A shlemiel is the fellow who climbs to the top of a ladder with a bucket of paint and then drops it. A shimazl is the fellow on whose head the bucket falls. [Rep. Stephen J. Solarz (D.-N.Y.), 1986]


Trade Winds

Was it smart for Britain to be isolationist (i.e. Brexit)?  Having seen the havoc rent on their old colony, Jamaica, by the forces of the global economy, does this move portend economic survivalism?

On Cortazar

Stories of Cronopios and Famas

1. Famas - go getters, captains of industry, bourgeois, capable, short-sighted, social (v. natural), cruel, rational,
a. more sympathetic than Esperanzas, less than Cronopios
2. Cronopios - laborers, layabouts, poor, incompetent, poor, playful, natural (v. social), uncultured, odd, emotional,
b. apparent heros of stories
3. Esperanzas - blockheads, middle managers, organized, sedentary, self-absorbed, violent, fear unknown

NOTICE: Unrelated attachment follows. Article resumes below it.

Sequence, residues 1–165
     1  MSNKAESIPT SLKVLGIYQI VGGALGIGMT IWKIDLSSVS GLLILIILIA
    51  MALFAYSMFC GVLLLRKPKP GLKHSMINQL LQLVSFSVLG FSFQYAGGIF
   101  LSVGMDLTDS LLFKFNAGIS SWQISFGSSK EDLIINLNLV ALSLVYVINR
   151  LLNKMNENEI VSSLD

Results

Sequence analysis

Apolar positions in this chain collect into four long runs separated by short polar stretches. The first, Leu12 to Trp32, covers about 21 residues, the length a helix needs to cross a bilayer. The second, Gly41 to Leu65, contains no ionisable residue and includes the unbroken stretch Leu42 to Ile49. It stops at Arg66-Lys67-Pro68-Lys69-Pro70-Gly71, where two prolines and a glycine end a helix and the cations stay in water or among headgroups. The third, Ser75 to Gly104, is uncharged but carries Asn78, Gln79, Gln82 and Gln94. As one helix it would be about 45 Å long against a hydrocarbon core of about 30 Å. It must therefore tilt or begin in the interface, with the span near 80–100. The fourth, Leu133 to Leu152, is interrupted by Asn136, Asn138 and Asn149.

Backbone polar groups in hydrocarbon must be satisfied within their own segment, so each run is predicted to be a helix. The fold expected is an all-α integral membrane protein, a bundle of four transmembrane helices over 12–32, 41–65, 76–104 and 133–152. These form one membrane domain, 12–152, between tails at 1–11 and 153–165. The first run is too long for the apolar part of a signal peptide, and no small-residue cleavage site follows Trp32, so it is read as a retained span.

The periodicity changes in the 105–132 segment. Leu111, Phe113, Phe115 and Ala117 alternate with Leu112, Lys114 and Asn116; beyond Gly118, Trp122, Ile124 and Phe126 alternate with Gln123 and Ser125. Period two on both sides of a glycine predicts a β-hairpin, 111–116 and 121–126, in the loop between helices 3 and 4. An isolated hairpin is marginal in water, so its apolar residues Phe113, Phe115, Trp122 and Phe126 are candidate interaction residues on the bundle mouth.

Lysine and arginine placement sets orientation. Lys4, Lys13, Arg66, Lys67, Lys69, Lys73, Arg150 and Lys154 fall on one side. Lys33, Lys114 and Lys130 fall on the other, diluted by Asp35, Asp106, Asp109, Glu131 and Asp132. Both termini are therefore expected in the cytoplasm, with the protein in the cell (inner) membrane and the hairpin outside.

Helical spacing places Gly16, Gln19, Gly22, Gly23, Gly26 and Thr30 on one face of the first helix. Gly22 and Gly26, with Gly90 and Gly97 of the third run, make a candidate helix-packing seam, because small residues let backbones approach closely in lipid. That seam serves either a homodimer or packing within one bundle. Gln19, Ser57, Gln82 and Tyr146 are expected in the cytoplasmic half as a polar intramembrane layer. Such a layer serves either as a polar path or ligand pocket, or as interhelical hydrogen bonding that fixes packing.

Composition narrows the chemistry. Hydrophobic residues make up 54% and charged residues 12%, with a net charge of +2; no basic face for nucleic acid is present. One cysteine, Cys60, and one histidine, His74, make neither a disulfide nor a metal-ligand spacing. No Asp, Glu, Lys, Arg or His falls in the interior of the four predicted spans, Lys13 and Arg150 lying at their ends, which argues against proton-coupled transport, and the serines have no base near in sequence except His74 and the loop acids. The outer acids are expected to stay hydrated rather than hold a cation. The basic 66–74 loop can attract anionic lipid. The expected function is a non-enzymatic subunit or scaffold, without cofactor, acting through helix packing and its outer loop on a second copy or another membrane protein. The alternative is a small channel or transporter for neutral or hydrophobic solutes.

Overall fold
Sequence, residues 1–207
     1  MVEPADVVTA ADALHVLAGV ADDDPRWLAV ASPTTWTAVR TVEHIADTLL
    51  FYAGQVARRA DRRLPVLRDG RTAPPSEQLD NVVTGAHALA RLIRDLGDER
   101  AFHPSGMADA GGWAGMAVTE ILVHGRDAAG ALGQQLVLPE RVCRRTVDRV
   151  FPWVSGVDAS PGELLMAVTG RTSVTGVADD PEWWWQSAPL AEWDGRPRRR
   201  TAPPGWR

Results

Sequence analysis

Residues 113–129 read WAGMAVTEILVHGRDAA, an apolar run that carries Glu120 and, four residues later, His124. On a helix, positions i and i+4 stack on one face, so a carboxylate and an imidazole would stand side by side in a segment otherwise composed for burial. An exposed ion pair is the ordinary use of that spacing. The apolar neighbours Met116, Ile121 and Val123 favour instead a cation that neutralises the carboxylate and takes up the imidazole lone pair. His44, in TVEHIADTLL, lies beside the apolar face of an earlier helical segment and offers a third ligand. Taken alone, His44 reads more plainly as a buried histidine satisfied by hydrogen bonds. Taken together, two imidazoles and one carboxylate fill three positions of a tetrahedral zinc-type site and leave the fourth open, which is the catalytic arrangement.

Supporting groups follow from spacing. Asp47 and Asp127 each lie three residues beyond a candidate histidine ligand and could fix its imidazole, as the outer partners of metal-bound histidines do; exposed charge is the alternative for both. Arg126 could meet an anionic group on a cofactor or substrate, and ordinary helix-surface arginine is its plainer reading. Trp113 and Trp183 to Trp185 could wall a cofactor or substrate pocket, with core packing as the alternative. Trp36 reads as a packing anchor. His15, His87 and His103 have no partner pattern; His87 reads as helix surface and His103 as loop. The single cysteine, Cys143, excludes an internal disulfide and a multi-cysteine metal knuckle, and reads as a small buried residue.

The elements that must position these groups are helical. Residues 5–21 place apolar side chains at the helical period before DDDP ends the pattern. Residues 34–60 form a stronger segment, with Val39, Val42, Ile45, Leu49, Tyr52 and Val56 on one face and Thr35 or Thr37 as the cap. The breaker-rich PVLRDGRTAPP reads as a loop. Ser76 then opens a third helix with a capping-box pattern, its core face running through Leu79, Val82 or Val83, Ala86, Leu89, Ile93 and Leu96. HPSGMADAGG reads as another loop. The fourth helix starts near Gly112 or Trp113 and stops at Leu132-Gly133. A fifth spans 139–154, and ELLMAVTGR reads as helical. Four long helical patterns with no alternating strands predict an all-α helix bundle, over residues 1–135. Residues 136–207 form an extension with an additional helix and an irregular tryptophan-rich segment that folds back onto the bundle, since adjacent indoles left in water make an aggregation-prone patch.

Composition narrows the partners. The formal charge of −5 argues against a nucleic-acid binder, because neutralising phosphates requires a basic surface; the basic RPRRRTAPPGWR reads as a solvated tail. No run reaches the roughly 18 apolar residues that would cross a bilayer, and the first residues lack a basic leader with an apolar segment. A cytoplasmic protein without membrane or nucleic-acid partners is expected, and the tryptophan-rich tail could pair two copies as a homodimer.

c. tertiary characters, least developed/sympathetic

Be a Boss

It was unfortunate, but did not matter too much, if the boss was a bastard, a skinflint, a cheat, a no-good, so sharp with his men that one might--God forgive us--doubt he was a Jew.  All that was to be expected of him, was of his very essence as a boss--for a boss, as my mother offhandedly defined the type in a sentence that lighted up for me our instinctive belief in the class struggle--a boss was a man who did nothing himself, sat by idly, enjoying himself, and got rich on the bitter toil of others.  It was far more important to us that the boss be successful, full of work to give out.  Let him be mean, let him be unspeakable, let him be hateful--he kept us alive.

From "A Walker in the City", Alfred Kazin